Netgear AirCard 785 Mobile Hotspot

Score

Sections

Pros

  • Superb cellular performance
  • Strong battery life
  • Informative colour display

Cons

  • A little expensive
  • On-device navigation occasionally unintuitive

Key Features

  • Review Price: £105.00
  • LTE cat 4, HSPA+, EDGE, GSM Support
  • 802.11b/g/n Wi-Fi
  • Micro SIM

What is the Netgear AirCard 785?

The AirCard 785 is Netgear’s latest attempt to disrupt a mobile hotspot market that’s predominantly controlled by telecoms carriers. While ISPs supply basic routers, third parties tend to offer more luxury alternatives, and the AirCard 785 follows that trend by being a premium 4G MiFi that Netgear hopes will tempt users to upgrade.

SEE ALSO: Best Wi-Fi Routers Round-up

Netgear AirCard 785 – Design and Features

MiFi devices are far from the most glamorous of objects, but Netgear has certainly produced the most aesthetically appealing one we’ve seen to date.

Key to this is its use of a colour LCD screen. It isn’t particularly premium, but it provides everything you need: operator, signal, battery life, connected devices information and data usage. This is all at-a-glance information, despite being just 1.5 inches across, and Netgear has used the space well.

Where the AirCard 785 breaks from the pack though is in its form factor. Most MiFi units have a small footprint, but are very thick, while Netgear has taken the opposite route with a substantial 110 x 69mm body that’s just 16.6mm thick. This is actually nicer to carry around than a smaller, thicker design and it’s fairly light at 127g.

Where the real interest lies, however, is internally and here Netgear has the right ingredients. Support for 4G/LTE (cat 4) is the headline aspect, providing potential download and upload speeds of up to 150Mbps and 50Mbps respectively. Furthermore it’s compatible with all major bands: 800/850/900/1800/2100 and 2600MHz. Meanwhile 3G (including HSPA Plus) and 2G (including EDGE) support covers the 850/900/2100MHz and 900/1800MHz bands respectively.

This gives the AirCard 785 enough flexibility to be used almost anywhere in the world, and it’s unlocked so can take any SIM card you buy, provided it’s a Micro SIM.

Meanwhile when it comes to Wi-Fi the AirCard 785 may not support the oh-so-fashionable 802.11ac, but it offers dual band 802.11n (2.4GHz and 5GHz) which is rare in most MiFi. 5GHz is becoming vital, as 2.4GHz can struggle to keep up with the 100Mbps-plus speeds that 4G is starting to deliver and it adds some futureproofing to the device.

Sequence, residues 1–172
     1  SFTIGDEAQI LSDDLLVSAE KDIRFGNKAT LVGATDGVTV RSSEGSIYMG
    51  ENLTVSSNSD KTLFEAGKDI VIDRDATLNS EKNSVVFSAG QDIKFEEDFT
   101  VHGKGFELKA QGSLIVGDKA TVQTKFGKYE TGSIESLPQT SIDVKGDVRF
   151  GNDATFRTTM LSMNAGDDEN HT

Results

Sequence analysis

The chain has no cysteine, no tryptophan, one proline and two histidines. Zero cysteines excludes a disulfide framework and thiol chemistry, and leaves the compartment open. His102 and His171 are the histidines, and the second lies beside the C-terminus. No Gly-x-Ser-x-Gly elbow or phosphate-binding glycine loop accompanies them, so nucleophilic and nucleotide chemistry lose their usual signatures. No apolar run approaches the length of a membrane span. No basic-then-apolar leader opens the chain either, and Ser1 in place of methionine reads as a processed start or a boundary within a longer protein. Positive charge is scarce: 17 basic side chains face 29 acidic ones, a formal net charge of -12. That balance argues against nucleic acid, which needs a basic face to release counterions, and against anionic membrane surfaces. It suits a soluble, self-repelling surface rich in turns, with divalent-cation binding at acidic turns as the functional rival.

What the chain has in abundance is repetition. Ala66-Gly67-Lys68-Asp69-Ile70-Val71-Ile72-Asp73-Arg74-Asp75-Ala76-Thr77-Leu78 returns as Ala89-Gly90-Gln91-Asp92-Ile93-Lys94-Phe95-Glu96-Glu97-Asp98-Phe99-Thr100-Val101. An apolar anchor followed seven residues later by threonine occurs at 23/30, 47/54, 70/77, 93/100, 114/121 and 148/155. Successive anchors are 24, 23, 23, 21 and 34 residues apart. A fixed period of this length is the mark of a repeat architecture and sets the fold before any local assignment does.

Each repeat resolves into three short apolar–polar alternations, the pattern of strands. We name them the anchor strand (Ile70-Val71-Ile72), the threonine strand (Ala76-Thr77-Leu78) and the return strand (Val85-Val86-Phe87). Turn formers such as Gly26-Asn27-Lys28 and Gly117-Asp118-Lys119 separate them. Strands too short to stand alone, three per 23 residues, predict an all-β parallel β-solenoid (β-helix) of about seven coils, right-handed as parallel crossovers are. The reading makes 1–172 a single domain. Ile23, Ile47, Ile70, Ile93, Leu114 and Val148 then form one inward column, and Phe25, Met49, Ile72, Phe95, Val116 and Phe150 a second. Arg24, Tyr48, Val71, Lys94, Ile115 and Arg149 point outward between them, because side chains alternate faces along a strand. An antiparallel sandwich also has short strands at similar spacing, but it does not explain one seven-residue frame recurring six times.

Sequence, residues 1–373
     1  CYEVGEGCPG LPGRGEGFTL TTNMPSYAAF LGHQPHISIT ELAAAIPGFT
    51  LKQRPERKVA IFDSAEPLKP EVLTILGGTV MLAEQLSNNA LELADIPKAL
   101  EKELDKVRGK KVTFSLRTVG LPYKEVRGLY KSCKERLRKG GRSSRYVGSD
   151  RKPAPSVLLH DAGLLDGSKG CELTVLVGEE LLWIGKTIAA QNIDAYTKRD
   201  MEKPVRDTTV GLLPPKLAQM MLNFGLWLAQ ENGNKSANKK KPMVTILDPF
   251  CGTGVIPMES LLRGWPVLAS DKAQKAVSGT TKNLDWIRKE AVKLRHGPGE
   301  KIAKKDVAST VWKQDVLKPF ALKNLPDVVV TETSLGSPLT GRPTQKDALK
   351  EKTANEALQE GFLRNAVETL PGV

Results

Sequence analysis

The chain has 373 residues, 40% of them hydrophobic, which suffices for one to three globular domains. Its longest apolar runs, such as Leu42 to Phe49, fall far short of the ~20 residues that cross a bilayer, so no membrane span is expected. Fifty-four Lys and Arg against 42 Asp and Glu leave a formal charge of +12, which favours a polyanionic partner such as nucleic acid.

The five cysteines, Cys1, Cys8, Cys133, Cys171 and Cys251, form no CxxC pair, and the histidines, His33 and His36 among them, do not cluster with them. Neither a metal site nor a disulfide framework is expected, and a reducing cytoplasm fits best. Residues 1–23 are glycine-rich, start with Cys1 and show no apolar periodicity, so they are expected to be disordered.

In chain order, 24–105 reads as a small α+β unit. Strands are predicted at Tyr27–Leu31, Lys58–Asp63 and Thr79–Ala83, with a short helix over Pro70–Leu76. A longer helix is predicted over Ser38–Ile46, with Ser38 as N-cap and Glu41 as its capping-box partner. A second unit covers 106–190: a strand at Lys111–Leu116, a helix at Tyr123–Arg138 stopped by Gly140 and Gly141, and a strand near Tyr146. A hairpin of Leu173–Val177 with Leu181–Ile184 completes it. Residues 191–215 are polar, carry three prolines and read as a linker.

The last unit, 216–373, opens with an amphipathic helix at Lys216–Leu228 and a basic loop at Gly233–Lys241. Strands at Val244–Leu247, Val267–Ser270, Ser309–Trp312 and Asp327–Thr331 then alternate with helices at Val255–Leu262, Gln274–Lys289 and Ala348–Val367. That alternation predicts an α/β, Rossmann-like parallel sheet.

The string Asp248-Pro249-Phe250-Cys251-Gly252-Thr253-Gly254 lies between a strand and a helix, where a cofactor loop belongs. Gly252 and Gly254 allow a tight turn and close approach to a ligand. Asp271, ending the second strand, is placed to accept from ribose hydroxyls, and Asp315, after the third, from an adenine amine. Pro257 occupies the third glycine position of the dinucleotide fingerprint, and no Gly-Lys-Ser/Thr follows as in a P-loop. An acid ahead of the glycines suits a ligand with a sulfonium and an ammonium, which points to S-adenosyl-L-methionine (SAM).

Netgear also has made two points to fit external antennas should you need to boost the Wi-Fi range and speed (not to be confused with your cellular signal). It also offers WPS – too long absent from many MiFi devices – for making fast, secure connections.

Netgear AirCard 785 4

Lastly Netgear makes some bold battery life claims: 10 hours of active use and up to 300 hours on standby puts this a step ahead of the competition on paper. The battery is also removable, so road warriors can buy a spare if needed.

Omissions? There are a few. What the AirCard 785 lacks is some of the extras you often see on third-party MiFi units such as the TP-Link M5360. Most notably it can’t work as an external battery or microSD card reader, but unlike the M5360 it receives 4G and supports WPS, which means it’s better equipped for its primary task.

SEE ALSO: Best Wi-Fi Extenders Round-up

Netgear AirCard 785 – Setup

MiFi devices have never required the greatest technical knowledge to get up and running, and the AirCard 785 is no different.

The back comes off and the Micro SIM tray is located behind the battery – not particularly inconvenient, since you shouldn’t be switching SIM cards too often. Once the SIM and battery are inserted, you simply boot it up and it detects the network automatically.

Netgear AirCard 785 8

Where it could be easier is Netgear’s navigation system. Just two buttons – marked with power and minus symbols – handle all navigation with one cycling through options and the other selecting. This isn’t initially intuitive and it takes a bit of trial and error to get used to it.

That said the full browser-based UI is excellent. Found at http://netgear.aircard the simple dashboard conveys monthly and session usage, connected devices (and on which band), SSID and password info all in one place along with battery and signal status. It’s the best we’ve seen and won’t scare even the most technophobic of users.

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